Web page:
# Re: NFC: Re: Filterless Aquariums.

I still believe to approximate the displacement of h2o from an aquarium; it
would be the simplest way to weigh the materials and divide by 8.14 pounds
the weight of one gallon of water ) and subtract from the total gallons of
the tank. The formulas previously mentioned need far too much calculation. A
simple but direct route is the method of choice, at least for me. Just be
certain to use dry weight so not to calculate the saturation of the
substrate.

Lets check with the silent ones???
N E lurkers out there???

James
----- Original Message -----
From: "JLW" <JLW at pi_dune.net>
To: <nfc at actwin_com>
Sent: Sunday, February 11, 2001 9:39 PM
Subject: Re: NFC: Re: Filterless Aquariums.

> Sajjad, the correct number is 231. :)  Inches/231 = Gallons.
>
> Second, gravel/sand does NOT displace the volume of it.  There's space
> between teh grains, which is filled with water.  Figuring out the volume
> isn't easy, and differs on the type -- bigger grains, less volume per
> lb. An easy way to figure it out:  Fill a five gallon bucket with the
> desired media (smaller is okay, too) and fill it to the brim with
> water.  Pour the water carefully out into a container, and you'll get
> the ammount of the volume that is NOT gravel.  So, if you get one
> gallon, five gallons of media actually is four gallons of media.
>
> Josh.
>
> >
> > On Fri, 9 Feb 2001, Gary Rollwage wrote:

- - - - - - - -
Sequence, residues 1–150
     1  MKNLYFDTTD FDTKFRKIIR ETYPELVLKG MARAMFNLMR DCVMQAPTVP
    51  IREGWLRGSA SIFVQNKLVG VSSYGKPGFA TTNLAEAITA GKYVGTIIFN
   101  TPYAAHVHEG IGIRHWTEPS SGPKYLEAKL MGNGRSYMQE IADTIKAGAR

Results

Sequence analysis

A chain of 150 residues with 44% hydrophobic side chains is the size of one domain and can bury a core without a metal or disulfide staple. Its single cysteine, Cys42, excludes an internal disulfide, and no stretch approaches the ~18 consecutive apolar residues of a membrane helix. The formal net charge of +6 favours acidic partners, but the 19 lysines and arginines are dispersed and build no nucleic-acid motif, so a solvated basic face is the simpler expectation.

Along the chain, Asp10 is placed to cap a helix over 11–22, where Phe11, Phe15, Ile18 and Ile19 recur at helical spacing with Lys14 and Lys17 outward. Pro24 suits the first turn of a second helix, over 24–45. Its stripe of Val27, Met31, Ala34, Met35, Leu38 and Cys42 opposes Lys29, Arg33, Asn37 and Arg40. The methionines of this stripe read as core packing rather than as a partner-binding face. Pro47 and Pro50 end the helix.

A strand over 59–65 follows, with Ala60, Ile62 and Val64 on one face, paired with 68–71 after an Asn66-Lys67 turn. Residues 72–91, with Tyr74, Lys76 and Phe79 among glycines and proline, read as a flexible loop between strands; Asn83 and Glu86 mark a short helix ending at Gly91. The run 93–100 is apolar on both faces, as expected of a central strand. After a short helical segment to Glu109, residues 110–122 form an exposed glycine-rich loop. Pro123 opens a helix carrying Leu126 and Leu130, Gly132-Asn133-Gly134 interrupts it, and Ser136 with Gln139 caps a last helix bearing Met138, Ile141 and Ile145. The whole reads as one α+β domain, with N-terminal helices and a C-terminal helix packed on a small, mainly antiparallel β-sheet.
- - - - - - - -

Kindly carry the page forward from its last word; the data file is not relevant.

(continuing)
> > > How much  (on the average) does gravel, plants, etc etc. displace
> > > the amount of water in a tank?
> >
> > Hi folks,
> > Haven't read all NFC mail in a week, so, apologies if this has been
> >
> > I presume that plants would displace only a small amount of water. Even
if
> > you have a lot of plants, you aren't loosing too much of water volume.
> >
> > I also presume that stones, sand and gravel would displace the about
same
> > amount of water as their volume. Multiply the length and depth of the
tank
> > with the height of the gravel to get the volume displaced (in cubic
inches
> > of you are using inches as the measure).
> >
> > There should be a standard conversion from cubic inches to gallons which
I
> > don't know. Here is an approximate attempt: A cubic inch is equivalent
to
> > 16.4 cubic centimeters (cc) and there are 1000 cc in a liter. Assuming
> > 3.75 liters per US Gallon, we have about 3750 cc to a US Gallon or about
> > 229 cubic inches to a US Gallon.
> >
> > Assuming that you have 3" of substrate in a 55 Gallon (3x1 ft base), you
> > would then have 3 x 36 x 12 or 1296 cubic inches or about 5.6 Gallons of
> > substrate. Approximating further, each inch of substrate in a 55 Gallon
> > tank would displace about 1.5 to 2 gallons of water.
> >
> > Again, these numbers are all approximations. If anyone has better
numbers,
> > please do correct me.
> >
> > btw, does anyone have Ray Wolff's phone number (Wisconsin Rapids, WI) ?
> >
> > Tony/Ray Suydam: I got a filter from Marineland in the mail for the
AATP.
> >